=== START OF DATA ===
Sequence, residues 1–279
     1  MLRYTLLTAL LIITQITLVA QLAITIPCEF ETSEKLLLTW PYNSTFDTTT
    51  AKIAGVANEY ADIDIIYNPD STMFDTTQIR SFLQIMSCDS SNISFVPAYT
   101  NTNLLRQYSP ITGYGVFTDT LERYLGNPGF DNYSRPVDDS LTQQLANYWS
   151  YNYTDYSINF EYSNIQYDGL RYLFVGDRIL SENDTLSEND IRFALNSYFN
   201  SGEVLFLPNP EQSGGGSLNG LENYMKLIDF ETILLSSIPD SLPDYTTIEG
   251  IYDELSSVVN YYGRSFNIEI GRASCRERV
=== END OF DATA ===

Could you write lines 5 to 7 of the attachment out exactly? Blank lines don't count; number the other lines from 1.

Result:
   151  YNYTDYSINF EYSNIQYDGL RYLFVGDRIL SENDTLSEND IRFALNSYFN
   201  SGEVLFLPNP EQSGGGSLNG LENYMKLIDF ETILLSSIPD SLPDYTTIEG
   251  IYDELSSVVN YYGRSFNIEI GRASCRERV